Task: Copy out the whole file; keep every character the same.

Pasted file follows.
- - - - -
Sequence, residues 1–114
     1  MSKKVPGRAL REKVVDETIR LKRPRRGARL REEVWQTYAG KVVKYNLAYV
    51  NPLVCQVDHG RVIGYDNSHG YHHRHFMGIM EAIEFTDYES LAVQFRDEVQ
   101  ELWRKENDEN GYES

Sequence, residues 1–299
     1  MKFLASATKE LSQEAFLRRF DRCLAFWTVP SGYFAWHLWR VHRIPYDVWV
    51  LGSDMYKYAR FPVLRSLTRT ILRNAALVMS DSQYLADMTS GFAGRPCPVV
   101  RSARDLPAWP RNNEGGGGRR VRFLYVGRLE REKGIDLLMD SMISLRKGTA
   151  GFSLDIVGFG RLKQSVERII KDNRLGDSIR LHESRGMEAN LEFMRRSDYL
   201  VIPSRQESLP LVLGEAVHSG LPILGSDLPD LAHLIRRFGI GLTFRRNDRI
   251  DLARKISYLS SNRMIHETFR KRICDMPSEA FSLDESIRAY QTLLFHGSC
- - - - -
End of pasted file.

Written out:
Sequence, residues 1–114
     1  MSKKVPGRAL REKVVDETIR LKRPRRGARL REEVWQTYAG KVVKYNLAYV
    51  NPLVCQVDHG RVIGYDNSHG YHHRHFMGIM EAIEFTDYES LAVQFRDEVQ
   101  ELWRKENDEN GYES

Sequence, residues 1–299
     1  MKFLASATKE LSQEAFLRRF DRCLAFWTVP SGYFAWHLWR VHRIPYDVWV
    51  LGSDMYKYAR FPVLRSLTRT ILRNAALVMS DSQYLADMTS GFAGRPCPVV
   101  RSARDLPAWP RNNEGGGGRR VRFLYVGRLE REKGIDLLMD SMISLRKGTA
   151  GFSLDIVGFG RLKQSVERII KDNRLGDSIR LHESRGMEAN LEFMRRSDYL
   201  VIPSRQESLP LVLGEAVHSG LPILGSDLPD LAHLIRRFGI GLTFRRNDRI
   251  DLARKISYLS SNRMIHETFR KRICDMPSEA FSLDESIRAY QTLLFHGSC